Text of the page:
Now the disclaimers. First, no chart can be as comprehensive or as up-to-date or clear as actually reading and knowing the statutes and regulations themselves. It is a guide, not an authority, and you should not rely on it for anything other than as a roadmap to proper and thorough legal counsel based on the source material itself. That said, let’s not minimize its value either: it represents the distillation of years, and of hours of work and effort. A special thanks to Keri Bruce and Stacy Marcus for helping to consolidate and refine it so that it is ready for prime time.

In addition, you should note that the chart doesn’t cover state escheat, abandoned or unclaimed property laws that may apply to the “breakage” that remains unused on gift cards, nor does it cover the various licensing and regulatory compliance obligations applicable to money transmitters under state law. But it does cover disclosure requirements and expiration date restrictions, as well as various exclusions and exemptions, and, of course, it provides citations to the relevant laws in each jurisdiction. Free!

As you skim through the chart, you may also notice a non-legal, but extremely relevant observation. Most states that have gift card statutes have amended them within the past few years. This is not a coincidence. The widespread distribution of a variety of gift cards by companies, not just for gifts, but as promotional tools, loyalty rewards or merchant incentives, coupled with technology that has detached the “value” from the physical piece of paper or plastic and is increasingly represented by codes or user IDs entered onto website pages, has caused lawmakers and regulators to reconsider the applicability and wording of laws that in some cases have been on the books for decades—first enacted when retail stores gave out paper certificates completed by the merchant in the store. Furthermore, the economic downturn has resulted in an unprecedented number of bankruptcies and failures among retailers, merchants and companies that sold gift cards to consumers and that are no longer around to honor them—leaving consumers as unsecured creditors attempting to recoup money paid for instruments that no longer are accepted in payment for their intended use.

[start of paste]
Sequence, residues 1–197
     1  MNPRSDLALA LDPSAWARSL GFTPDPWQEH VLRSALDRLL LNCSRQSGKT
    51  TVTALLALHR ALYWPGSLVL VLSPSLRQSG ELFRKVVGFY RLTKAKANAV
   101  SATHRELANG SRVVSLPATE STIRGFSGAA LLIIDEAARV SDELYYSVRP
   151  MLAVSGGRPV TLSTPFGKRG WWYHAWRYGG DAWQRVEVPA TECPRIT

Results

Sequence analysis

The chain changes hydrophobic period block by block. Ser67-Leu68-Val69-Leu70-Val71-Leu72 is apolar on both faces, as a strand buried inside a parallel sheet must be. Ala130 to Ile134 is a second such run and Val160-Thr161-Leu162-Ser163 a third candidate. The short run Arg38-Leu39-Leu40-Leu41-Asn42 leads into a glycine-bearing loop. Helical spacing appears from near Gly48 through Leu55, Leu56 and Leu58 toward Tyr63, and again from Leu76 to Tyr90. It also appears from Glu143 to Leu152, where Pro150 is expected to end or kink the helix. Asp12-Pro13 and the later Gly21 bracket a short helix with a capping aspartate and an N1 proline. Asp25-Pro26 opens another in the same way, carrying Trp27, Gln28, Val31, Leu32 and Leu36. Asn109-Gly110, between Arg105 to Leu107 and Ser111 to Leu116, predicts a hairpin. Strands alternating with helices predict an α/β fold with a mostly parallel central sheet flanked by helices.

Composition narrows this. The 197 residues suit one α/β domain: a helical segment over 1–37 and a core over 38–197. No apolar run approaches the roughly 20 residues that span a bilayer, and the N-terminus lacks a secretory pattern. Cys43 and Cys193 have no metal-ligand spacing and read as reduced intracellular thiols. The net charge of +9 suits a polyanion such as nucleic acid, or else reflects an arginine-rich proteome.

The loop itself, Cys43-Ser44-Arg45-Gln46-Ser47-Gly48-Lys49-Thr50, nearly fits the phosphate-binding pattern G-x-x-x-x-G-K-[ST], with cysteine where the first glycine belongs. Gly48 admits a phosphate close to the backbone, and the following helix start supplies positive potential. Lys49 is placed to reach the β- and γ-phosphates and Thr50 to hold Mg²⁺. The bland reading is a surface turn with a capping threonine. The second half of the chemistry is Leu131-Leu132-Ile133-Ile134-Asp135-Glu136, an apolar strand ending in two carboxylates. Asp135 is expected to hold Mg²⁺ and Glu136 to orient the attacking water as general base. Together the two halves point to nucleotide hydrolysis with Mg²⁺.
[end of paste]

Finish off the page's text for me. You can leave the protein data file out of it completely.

What this means for enterprises that are involved in the gift card and/or gift certificate business, and for consumers, as well as for lawyers who counsel, advise and represent any of the parties, is that this area of the law is dynamically changing and being re-configured to reflect our inter-connected, digital information age. Whether online or offline, this is a sophisticated regulated category of financial payment services that are evolving in a complex retail, promotional, loyalty-reward consumer environment, with a large number of possible variations, offered and used across multiple jurisdictions, governed by an even larger number of laws and regulations increasingly examining consumer protections necessary as the products and services evolve. So if you are wondering why we give the chart away for free, don’t wonder too long. If you are in this business and you need help from lawyers who know this area and can provide experienced, practical counsel, call me, Keri Bruce or Stacy Marcus, or your favorite Rimon lawyer, all of whom are happy to help.